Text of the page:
Winter Pet Dangers
Pets face many unique dangers during the coldest months, but savvy pet owners can take steps to keep their dogs, cats and other pets safe and comfortable no matter how low the temperature goes.
Top 5 Dangers to Pets in Winter – And How to Keep Pets Safe
The exact dangers pets face vary depending on seasonal conditions and pets' individual tolerances, but understanding these common dangers can help every pet owner avoid unnecessary risks to their beloved pets.
Frostbite and Hypothermia
As temperatures fall, pets are at risk of lowered body temperatures, cardiac arrest, freezing tissues and other problems associated with frostbite and hypothermia. Even indoor pets are subject to these risks if they are allowed outside for walks or extended periods.
Keep Pets Safe: Provide pets with good, warm shelter and appropriate winter clothes if necessary. Minimize outdoor time on the coldest days and dry pets off when they come indoors so they can warm up quickly.
Antifreeze has a sweet, attractive taste to pets, but it is dangerously toxic and even a small amount can be fatal if ingested. Other de-icers or common winter chemicals can also pose poisoning risks, as can many holiday human foods such as chocolates or other treats.
Keep Pets Safe: Clean up any chemical spills immediately, and keep chemicals out of reach of pets at all times. Do not give pets any human treats, instead offering them special pet treats if desired. If pets show poisoning symptoms, seek a vet's care immediately.
Fire and Burns
When pets are cold, they may want to get closer to fireplaces, space heaters and other heating elements, where they risk singed fur or skin burns. When heaters are inappropriately used, pets are also at risk of being caught in home fires.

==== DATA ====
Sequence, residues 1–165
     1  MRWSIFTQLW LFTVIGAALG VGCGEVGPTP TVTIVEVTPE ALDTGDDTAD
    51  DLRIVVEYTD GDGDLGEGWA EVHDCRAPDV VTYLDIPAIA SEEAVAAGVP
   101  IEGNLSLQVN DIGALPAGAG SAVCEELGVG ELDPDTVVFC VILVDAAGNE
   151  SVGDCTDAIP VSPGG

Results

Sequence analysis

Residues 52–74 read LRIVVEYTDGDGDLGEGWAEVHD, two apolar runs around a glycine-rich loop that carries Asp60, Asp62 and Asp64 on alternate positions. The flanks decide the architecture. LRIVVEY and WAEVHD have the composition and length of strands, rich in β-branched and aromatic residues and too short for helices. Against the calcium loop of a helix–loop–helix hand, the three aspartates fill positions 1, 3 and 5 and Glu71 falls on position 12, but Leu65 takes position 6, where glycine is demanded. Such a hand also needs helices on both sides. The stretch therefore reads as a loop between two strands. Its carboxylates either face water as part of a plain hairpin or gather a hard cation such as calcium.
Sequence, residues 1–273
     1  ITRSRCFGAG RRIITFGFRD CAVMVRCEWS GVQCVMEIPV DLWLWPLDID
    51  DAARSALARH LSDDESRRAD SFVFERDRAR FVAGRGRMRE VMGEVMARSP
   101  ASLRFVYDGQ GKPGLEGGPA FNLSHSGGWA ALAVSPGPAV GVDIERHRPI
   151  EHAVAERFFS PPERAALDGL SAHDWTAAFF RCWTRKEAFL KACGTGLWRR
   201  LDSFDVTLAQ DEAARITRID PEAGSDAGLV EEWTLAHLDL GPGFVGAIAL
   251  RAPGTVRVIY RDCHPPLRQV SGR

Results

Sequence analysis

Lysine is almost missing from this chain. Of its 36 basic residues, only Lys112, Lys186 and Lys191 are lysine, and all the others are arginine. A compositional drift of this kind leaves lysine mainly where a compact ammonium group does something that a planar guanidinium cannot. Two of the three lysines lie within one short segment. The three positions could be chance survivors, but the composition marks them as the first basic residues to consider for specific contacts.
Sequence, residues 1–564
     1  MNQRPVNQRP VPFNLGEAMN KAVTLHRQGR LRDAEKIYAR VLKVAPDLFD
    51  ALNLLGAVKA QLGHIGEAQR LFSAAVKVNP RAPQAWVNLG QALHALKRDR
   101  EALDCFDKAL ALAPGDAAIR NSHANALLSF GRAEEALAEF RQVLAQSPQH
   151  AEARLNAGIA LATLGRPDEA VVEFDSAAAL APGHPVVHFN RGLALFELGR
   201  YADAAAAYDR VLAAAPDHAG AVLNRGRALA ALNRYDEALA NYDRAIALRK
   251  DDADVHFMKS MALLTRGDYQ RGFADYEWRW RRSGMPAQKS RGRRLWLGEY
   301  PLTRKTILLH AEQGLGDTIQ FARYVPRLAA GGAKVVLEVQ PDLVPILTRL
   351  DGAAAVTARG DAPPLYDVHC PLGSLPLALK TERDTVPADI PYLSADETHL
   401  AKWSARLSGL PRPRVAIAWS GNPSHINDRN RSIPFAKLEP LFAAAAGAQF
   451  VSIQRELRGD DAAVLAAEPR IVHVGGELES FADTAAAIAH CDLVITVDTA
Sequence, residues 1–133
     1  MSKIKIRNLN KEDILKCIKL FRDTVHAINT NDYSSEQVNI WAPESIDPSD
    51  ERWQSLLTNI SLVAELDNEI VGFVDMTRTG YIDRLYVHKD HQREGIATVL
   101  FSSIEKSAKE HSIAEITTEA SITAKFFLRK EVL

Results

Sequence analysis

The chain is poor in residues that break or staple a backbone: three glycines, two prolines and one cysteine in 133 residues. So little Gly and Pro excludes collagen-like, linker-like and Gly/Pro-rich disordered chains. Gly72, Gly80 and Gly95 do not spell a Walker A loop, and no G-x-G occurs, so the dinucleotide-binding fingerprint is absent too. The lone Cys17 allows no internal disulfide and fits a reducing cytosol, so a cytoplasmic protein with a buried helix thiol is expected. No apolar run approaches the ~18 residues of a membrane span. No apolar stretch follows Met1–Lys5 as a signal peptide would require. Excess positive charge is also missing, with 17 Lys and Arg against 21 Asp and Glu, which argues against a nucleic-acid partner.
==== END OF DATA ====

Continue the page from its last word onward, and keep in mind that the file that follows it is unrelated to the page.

Keep Pets Safe: Do not use exposed heating elements or open flames around pets unless they are closely supervised. Avoid heated blankets in pet beds since wrinkles and folds can cause the blankets to overheat and may cause burns. In the event of a fire, take all possible steps to rescue pets without risking human life, including notifying fire and rescue personnel about the presence of pets.
Dehydration and Malnutrition
Pets need more calories in the winter months to generate sufficient body heat to stay warm, and adequate water can help them combat the effects of cold. Dry skin, dull coats and weight loss are common effects of dehydration and malnutrition in the winter.
Keep Pets Safe: Use a heated pet bowl to keep water from freezing in outdoor pens, and always have plentiful clean water available for pets to drink. Consider increasing meals slightly to provide adequate winter nutrition and compensate for calorie-burning weight loss, as well as help pets store a layer of fat for winter insulation.
Winter rain, ice and snow can wash away and cover scent markers and visual clues pets might use to orient themselves and find their way home. While pets should not be permitted to wander at any time of year, if they do stray away from home in the winter, it is much easier for pets to get lost and disoriented.
Keep Pets Safe: Always keep a close eye on pets outdoors and do not let them wander without supervision. Use sturdy leashes for walks, and keep yard gates firmly fastened. Be sure pets are microchipped and wearing updated identification tags in case they do get lost, and having a recent photo on hand will help if it is necessary to search for a lost pet.
Pets face many risks in the winter, but when pet owners are aware of those risks, they can more easily take steps to keep their pets safe, comfortable and healthy even during the coldest months.